Climbing the ladder to CEO, Part I: the credentials.
A member of the audience inquired, "How do you raise a president?" She paused, and then went on to explain that you don't raise a president. Everyone has opportunity in his or her life. Those that reach the top are always preparing so that when a door of opportunity opens they are ready to walk through it. And throughout life, each door leads to another. Brilliance is often simple, as was her response.
None of us was ready to be a doctor after college, after medical school, or after our first year of residency. We prepared to walk through each successive door of opportunity on the road to our final goal.
Becoming a CEO is no different. We are neither ready-made hospital CEOs by virtue of being a medical director, nor are we qualified after earning an advanced management degree.
The unique skill sets and attributes required for the position need to be acquired through a combination of education and experience--a series of successive doors. The question is: "When that final door to the CEO suite opens, will you be ready to walk through it?"
To answer this question, I interviewed consultants from seven well-recognized search firms. The questions were framed for hospital CEOs, but the concepts are transferable to other health care organizations.
Hiring the CEO
The hospital board of directors, often comprising community members and a smaller number of medical staff members, has fiduciary accountability for the health of their organization. The board members take this legal responsibility seriously and their single most important decision is hiring the CEO. They will be judged by their decision.
The CEO will be given the reins of a complex business with thousands of employees and annual net operating revenues and total assets that may exceed hundreds of millions of dollars.
Not surprisingly, search consultants unanimously agree that board members are risk averse. Not slightly risk averse, but really risk averse. The board is very unlikely to take a chance on someone with "good potential" or an "up and comer." They want to know with certainty that their candidate can do what the organization requires. Understanding this concept is critical to your preparation.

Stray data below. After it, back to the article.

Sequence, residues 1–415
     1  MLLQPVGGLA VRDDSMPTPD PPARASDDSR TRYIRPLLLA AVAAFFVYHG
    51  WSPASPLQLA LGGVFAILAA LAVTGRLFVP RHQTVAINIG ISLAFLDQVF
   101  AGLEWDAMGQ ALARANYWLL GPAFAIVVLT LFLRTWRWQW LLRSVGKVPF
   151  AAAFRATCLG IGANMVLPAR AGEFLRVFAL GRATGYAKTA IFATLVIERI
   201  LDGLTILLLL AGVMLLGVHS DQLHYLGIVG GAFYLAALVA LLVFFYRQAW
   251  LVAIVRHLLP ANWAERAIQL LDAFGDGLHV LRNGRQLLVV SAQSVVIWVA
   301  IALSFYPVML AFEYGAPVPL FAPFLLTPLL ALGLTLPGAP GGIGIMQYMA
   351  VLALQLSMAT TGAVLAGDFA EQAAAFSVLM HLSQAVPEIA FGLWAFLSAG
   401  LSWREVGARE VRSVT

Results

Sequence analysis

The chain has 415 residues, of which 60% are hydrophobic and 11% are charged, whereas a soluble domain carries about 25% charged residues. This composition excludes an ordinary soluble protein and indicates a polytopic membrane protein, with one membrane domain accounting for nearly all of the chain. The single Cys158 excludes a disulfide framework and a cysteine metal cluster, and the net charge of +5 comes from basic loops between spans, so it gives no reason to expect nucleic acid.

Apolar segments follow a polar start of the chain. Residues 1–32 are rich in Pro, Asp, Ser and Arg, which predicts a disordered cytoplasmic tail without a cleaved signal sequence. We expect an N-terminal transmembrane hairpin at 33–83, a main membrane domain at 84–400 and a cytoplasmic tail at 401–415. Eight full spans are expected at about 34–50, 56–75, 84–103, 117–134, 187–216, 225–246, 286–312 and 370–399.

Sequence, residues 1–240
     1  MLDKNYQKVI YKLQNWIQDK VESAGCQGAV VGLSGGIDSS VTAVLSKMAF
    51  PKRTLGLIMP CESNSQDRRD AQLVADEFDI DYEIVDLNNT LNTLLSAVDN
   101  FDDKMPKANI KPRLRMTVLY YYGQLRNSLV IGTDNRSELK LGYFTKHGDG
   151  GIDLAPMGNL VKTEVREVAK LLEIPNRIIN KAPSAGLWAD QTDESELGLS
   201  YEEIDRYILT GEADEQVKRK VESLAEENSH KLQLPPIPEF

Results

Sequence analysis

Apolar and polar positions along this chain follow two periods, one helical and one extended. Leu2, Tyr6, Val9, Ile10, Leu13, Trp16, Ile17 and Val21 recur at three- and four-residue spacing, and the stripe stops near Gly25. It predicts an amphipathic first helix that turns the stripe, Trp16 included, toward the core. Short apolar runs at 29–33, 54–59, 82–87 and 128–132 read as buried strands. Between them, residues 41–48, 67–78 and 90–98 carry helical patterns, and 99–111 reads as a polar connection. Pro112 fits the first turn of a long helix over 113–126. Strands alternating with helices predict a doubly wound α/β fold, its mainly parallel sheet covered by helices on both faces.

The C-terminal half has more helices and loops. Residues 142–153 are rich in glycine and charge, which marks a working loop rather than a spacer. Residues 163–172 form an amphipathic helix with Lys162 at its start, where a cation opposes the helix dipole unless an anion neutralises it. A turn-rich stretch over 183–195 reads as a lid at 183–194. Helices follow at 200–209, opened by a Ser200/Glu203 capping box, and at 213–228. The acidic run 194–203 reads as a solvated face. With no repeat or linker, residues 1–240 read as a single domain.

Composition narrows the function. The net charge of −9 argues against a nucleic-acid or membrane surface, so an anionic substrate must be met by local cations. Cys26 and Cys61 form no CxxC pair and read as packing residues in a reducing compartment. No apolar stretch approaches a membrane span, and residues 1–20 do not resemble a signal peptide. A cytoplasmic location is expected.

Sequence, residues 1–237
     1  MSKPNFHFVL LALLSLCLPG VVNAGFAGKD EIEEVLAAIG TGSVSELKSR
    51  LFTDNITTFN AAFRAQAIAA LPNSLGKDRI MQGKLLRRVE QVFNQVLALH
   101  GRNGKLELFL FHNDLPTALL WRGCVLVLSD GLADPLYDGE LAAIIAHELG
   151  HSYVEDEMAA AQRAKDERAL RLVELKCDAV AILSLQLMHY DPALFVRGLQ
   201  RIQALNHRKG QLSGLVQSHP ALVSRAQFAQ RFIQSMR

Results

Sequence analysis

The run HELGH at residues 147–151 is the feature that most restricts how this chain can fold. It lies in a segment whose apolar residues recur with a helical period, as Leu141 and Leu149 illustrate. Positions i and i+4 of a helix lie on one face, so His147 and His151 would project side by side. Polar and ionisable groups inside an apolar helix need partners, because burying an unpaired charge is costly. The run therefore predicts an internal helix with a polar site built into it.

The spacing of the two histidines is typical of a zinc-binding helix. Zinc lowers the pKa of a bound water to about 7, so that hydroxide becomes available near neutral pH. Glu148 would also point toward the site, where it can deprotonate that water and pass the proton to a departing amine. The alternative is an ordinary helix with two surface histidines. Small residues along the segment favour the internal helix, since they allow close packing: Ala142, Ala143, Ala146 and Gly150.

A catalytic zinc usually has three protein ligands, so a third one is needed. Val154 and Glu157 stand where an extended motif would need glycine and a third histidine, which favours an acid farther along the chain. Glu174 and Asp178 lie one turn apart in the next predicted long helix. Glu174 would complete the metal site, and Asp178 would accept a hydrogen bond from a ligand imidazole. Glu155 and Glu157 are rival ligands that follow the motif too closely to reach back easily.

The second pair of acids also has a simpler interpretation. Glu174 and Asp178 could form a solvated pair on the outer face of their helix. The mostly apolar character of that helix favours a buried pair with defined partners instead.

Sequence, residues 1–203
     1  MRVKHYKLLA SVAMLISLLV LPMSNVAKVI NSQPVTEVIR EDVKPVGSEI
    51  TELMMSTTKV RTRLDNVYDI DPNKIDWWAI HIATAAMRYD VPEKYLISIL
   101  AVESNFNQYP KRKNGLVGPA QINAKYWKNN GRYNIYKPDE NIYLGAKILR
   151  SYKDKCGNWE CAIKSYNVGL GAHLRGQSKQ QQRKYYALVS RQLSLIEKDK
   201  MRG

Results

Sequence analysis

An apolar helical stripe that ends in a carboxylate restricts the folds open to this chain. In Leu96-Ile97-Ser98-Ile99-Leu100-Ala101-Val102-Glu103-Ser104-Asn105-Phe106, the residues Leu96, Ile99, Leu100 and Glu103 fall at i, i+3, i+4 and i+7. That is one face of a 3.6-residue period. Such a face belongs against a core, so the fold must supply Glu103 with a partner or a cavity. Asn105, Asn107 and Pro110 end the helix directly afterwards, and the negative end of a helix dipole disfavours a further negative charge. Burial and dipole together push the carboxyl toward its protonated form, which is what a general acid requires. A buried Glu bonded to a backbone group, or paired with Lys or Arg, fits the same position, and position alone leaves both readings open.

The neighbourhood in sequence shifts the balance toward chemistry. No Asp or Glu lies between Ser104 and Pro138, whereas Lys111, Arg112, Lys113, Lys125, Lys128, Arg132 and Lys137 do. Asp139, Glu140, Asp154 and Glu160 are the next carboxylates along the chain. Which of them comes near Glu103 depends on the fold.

Past success is the best predictor of future success. Convincing a risk averse board that you can do the job requires you to demonstrate appropriate accomplishments of sufficient scale and scope. It is important to understand the difference between "accomplishments" and "experience." Accomplishments demonstrate what you have done, while experience speaks to where you have been.
What type of accomplishments are important to a board?
Just as a cardiologist is not qualified to perform neurosurgery, CEOs do not all possess the same competencies. The skills required to run a small rural hospital are entirely different from those needed to lead a large university teaching hospital.
Additionally, each organization may have its own unique challenges such as fiscal insolvency, strained medical staff relations or the need for facility expansion. The message is clear--building breadth into your career will expand your CEO job market.
You will also need to demonstrate business acumen. An advanced management degree is insufficient for this purpose; however, lack of a degree could eliminate you as a candidate.
A minimum of two to five years of operations experience will be required. Most consultants agree that it is not sufficient to manage non-revenue-producing support departments such as housekeeping, facilities, medical staff office, etc.
Rather, you must have significant experience with profit and loss. Important metrics will include annual net revenues, number of employees, and net income. Examples include service lines, inpatient units, radiology services, laboratory services, etc.
It is important to realize that operations experience does not make you competitive--like an advanced degree, it is a baseline requirement to play. The breadth, depth and scope of your accomplishments are what set you apart.
MD-Asset or liability?
Is having an "MD" after your name an asset or a liability when applying for a CEO position?